Health-Related Community Service Strategiesp. 190
Community Mobilization Strategiesp. 190
Other Strategiesp. 193
Creating Health Promotion Interventionsp. 200
Criteria and Guidelines for Developing Health Promotion Interventionsp. 200
Designing Appropriate Interventionsp. 201
Summaryp. 205
Review Questionsp. 206
Activitiesp. 206
Weblinksp. 206
Implementing a Health Promotion Program
Community Organizing and Community Buildingp. 211
Community Organizing and Its Assumptionsp. 212
The Processes of Community Organizing and Community Buildingp. 213
Recognizing the Issuep. 217
Gaining Entry into the Communityp. 217
Organizing the Peoplep. 218
Assessing the Communityp. 221
Determining Priorities and Setting Goalsp. 223
Arriving at a Solution and Selecting Intervention Strategiesp. 226
Final Steps in the Community Organizing and Building Processesp. 227
Planned Approach to Community Health (PATCH)p. 227
Summaryp. 228
Review Questionsp. 228
Activitiesp. 229
Weblinksp. 229
Identification and Allocation of Resourcesp. 231
Personnelp. 232
Internal Resourcesp. 232
External Resourcesp. 233
Combined Resourcesp. 233
Curricula and Other Instructional Resourcesp. 237
Spacep. 241
Equipment and Suppliesp. 241
Financial Resourcesp. 241
Participant Feep. 242
Third-Party Supportp. 242
Cost Sharingp. 243
Organizational Sponsorshipp. 243
Grants and Giftsp. 243
A Combination of Sourcesp. 247
Preparing a Budgetp. 247
Summaryp. 247
Review Questionsp. 247
Activitiesp. 248
Weblinksp. 248
Marketing: Making Sure Programs Respond to Wants and Needs of Consumersp. 251
Market and Marketingp. 252
Marketing and the Diffusion Theoryp. 253
The Marketing Process and Health Promotion Programsp. 257
Using Marketing Research to Determine Needs and Desiresp. 257
Developing a Product That Satisfies the Needs and Desires of Clientsp. 258
Developing Informative and Persuasive Communication Flowsp. 261
Ensuring That the Product Is Provided in an Appropriate Mannerp. 262
Keeping Clients Satisfied and Loyalp. 267
Final Comment on Marketingp. 270
Summaryp. 270
Review Questionsp. 270
Activitiesp. 271
Weblinksp. 271
Implementation: Strategies and Associated Concernsp. 273
Defining Implementationp. 274
Phases of Program Implementationp. 274
Adoption of the Programp. 274
Identifying and Prioritizing the Tasks to be Completedp. 274
Establishing a System of Managementp. 277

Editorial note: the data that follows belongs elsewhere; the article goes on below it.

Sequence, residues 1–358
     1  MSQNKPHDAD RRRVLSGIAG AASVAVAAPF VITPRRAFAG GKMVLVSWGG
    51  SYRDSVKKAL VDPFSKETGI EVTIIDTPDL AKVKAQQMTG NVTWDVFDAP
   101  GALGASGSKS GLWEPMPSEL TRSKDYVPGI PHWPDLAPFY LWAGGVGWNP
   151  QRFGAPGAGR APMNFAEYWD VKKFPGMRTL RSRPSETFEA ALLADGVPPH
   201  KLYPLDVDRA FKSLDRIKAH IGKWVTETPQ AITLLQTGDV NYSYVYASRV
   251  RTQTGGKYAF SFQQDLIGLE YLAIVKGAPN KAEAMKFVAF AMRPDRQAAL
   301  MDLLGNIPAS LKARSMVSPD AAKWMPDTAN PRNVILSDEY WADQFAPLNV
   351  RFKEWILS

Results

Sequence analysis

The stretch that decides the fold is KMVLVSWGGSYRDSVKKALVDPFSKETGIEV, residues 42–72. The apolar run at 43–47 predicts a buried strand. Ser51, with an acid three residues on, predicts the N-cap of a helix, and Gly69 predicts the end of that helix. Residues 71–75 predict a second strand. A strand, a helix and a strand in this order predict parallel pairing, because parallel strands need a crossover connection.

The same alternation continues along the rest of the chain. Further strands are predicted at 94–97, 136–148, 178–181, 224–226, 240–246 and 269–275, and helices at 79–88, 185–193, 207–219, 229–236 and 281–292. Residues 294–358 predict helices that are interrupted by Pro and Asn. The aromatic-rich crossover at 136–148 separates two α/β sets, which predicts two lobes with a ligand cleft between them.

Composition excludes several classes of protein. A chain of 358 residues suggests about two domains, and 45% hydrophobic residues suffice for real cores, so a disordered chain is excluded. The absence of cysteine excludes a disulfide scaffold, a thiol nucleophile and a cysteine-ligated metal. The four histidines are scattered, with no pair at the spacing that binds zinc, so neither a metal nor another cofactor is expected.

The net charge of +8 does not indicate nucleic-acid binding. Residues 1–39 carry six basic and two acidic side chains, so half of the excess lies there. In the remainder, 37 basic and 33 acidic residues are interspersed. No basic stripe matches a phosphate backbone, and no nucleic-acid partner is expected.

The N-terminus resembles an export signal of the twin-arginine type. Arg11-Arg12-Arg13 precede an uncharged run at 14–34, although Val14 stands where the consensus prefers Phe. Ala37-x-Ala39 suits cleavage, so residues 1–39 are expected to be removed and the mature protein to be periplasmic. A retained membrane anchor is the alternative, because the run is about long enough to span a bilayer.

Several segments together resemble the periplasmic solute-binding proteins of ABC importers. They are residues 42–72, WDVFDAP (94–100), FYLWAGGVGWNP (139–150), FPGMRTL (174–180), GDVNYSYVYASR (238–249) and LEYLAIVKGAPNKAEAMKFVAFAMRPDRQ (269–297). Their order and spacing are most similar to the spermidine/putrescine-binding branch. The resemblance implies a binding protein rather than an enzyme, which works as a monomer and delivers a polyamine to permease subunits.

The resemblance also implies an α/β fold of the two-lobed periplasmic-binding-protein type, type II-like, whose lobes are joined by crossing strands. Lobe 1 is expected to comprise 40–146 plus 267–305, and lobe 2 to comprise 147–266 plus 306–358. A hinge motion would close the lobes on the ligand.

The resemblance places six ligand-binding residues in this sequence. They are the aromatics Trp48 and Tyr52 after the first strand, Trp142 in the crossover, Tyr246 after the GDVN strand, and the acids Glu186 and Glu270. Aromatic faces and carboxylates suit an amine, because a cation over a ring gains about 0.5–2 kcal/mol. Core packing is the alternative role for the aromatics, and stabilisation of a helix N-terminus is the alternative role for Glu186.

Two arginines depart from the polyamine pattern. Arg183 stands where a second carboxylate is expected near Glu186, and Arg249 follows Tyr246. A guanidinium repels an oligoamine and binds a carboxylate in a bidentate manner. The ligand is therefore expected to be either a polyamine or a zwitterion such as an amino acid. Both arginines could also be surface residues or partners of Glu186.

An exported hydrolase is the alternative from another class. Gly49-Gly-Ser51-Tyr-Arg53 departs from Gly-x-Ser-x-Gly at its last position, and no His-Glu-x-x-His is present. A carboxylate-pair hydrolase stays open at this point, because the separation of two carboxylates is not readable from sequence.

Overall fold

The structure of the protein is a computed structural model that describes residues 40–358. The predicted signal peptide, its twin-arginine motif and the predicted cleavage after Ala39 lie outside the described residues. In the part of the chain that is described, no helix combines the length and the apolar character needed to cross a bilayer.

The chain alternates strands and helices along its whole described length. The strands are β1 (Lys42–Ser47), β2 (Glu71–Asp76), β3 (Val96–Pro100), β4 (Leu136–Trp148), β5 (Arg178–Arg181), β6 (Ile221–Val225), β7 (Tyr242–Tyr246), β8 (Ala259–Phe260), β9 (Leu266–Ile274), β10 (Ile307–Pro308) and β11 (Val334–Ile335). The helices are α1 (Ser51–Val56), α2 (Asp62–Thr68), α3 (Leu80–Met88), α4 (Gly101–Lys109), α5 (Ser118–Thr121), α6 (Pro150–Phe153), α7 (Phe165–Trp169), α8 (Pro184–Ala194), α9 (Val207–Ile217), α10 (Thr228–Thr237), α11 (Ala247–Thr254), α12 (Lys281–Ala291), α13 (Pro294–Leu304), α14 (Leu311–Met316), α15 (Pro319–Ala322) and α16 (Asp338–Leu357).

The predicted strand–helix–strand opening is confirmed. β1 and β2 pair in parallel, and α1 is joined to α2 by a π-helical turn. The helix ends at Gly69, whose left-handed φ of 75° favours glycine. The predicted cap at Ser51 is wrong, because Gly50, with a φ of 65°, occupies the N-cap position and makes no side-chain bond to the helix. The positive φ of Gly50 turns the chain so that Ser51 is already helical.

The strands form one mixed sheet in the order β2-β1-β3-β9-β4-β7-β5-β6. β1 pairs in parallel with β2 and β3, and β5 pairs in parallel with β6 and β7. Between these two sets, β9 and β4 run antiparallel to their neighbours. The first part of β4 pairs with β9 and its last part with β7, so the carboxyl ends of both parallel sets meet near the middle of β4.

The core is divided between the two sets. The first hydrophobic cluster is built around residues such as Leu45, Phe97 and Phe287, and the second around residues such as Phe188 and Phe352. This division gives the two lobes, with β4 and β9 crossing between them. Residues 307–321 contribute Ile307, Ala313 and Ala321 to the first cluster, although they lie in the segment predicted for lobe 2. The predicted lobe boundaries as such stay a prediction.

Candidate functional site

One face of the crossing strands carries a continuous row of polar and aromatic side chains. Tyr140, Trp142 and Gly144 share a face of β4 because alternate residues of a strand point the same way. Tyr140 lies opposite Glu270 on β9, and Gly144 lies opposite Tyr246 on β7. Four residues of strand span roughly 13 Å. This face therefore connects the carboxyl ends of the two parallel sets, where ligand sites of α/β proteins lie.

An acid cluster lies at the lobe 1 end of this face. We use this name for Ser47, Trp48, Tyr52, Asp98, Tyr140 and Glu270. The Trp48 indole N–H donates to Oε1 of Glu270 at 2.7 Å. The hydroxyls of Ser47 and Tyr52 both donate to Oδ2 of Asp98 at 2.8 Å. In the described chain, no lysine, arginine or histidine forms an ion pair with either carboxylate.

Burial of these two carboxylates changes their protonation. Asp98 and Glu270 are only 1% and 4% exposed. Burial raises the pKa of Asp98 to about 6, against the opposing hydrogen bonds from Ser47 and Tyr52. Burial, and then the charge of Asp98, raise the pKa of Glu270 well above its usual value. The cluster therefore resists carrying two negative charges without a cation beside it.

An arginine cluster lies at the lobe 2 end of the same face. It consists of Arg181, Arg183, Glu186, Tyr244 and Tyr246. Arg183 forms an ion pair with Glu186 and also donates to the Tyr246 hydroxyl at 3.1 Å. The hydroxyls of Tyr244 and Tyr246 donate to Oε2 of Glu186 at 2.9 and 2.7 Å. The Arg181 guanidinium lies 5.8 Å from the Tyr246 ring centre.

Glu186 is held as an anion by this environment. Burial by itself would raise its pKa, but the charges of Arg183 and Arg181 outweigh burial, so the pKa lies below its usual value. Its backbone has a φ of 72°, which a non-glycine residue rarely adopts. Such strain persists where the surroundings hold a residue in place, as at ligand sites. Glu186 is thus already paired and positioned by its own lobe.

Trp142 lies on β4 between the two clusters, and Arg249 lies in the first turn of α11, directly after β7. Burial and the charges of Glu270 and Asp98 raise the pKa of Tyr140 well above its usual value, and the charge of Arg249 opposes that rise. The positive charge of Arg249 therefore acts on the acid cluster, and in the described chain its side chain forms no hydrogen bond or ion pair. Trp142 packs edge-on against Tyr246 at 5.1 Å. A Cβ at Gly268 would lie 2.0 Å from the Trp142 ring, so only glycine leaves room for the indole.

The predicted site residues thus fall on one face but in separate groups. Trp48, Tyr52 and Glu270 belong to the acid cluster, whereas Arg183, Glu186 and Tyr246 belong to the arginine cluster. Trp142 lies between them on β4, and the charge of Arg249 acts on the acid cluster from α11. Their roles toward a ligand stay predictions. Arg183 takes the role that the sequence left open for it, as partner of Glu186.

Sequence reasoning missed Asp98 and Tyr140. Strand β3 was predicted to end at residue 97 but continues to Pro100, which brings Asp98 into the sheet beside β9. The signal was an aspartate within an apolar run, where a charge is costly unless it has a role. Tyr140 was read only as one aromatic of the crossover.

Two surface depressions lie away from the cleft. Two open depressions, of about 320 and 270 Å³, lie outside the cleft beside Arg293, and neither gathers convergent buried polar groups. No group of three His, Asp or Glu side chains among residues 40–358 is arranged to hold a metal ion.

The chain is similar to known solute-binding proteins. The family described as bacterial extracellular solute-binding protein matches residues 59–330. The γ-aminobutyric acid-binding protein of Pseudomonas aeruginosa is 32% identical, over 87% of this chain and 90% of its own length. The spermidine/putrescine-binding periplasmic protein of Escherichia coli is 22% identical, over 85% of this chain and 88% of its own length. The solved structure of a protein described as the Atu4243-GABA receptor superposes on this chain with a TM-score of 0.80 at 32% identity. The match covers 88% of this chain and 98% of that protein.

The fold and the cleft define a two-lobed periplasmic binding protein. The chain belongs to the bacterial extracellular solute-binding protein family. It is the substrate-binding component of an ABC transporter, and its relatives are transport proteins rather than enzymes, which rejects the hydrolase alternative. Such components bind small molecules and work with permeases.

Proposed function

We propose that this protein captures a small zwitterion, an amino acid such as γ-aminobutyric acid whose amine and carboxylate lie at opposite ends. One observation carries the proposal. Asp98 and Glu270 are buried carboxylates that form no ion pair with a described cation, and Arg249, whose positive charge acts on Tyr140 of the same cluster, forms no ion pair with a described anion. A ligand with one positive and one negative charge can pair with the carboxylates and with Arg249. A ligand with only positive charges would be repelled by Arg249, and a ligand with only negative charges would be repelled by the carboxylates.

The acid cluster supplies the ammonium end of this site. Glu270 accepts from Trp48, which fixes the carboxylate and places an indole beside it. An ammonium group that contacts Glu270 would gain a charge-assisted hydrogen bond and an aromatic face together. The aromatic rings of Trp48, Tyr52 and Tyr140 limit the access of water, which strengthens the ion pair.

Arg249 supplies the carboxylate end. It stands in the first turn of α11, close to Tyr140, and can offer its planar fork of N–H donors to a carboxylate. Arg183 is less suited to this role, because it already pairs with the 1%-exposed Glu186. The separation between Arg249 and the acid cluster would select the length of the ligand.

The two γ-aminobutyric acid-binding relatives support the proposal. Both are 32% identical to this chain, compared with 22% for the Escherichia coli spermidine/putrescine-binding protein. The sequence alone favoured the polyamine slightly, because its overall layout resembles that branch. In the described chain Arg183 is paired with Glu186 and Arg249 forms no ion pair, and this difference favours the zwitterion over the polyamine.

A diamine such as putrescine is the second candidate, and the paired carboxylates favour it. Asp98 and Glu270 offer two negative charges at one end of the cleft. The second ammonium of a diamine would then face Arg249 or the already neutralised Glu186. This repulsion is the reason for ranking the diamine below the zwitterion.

Putting Plans into Actionp. 277
First Day of Implementationp. 279
Ending or Sustaining a Programp. 281
Concerns Associated with Implementationp. 281
Legal Concernsp. 281
Medical Concernsp. 283
Program Safetyp. 283
Program Registration and Fee Collectionp. 283
Procedures for Recordkeepingp. 283
Moral and Ethical Concernsp. 284
Procedural Manual and/or Participants' Manualp. 286
Training for Facilitatorsp. 286
Dealing with Problemsp. 286
Reporting and Documentingp. 286
Summaryp. 287
Review Questionsp. 287
Activitiesp. 287
Weblinksp. 288
Evaluating a Health Promotion Program
Evaluation: An Overviewp. 291
Basic Terminologyp. 294
Purpose for Evaluationp. 295
The Process for Evaluationp. 296
Practical Problems or Barriers in Evaluationp. 297
Evaluation in the Program-Planning Stagesp. 298
Who Will Conduct the Evaluation?p. 299
Evaluation Resultsp. 301
Summaryp. 301
Review Questionsp. 301
Activitiesp. 302
Weblinksp. 302
Evaluation Approaches, Framework, and Designsp. 304
Evaluation Approachesp. 305
Systems Analysis Approachesp. 305
Objective-Oriented Approachesp. 306
Goal-Free Approachp. 308
Management-Oriented Approachesp. 308
Consumer-Oriented Approachesp. 309
Expertise-Oriented Approachesp. 310
Participant-Oriented Approachesp. 311
Framework for Program Evaluationp. 313
Selecting an Evaluation Designp. 315
Experimental, Control, and Comparison Groupsp. 319
Evaluation Designsp. 320
Internal Validityp. 322
External Validityp. 324
Summaryp. 325
Review Questionsp. 325
Activitiesp. 326
Weblinksp. 326
Data Analysis and Reportingp. 328
Data Managementp. 329
Data Analysisp. 330
Univariate Data Analysesp. 331
Bivariate Data Analysesp. 333
Multivariate Data Analysesp. 334
Applications of Data Analysesp. 334
Interpreting the Datap. 336
Evaluation Reportingp. 337
Designing the Written Reportp. 338
Presenting the Datap. 340
How and When to Present the Reportp. 340
Increasing Utilization of the Resultsp. 340
Summaryp. 342
Review Questionsp. 342
Activitiesp. 342
Weblinksp. 343
Appendixesp. 345
Examples of a News Release and Copy for a Newspaper Columnp. 347
Examples of PSAs for Radio and Televisionp. 349
Examples of Smoking Policiesp. 351
Health Behavior Contractp. 354
Example of an Informed Consent Form for a Cholesterol Screening Programp. 356
Sample Medical Clearance Formp. 357
Code of Ethics for the Health Education Professionp. 358
Cost-Benefit and Cost-Effectiveness as a Part of the Evaluation of Health Promotion Programsp. 362
Referencesp. 372
Name Indexp. 393
Subject Indexp. 402
Table of Contents provided by Ingram. All Rights Reserved.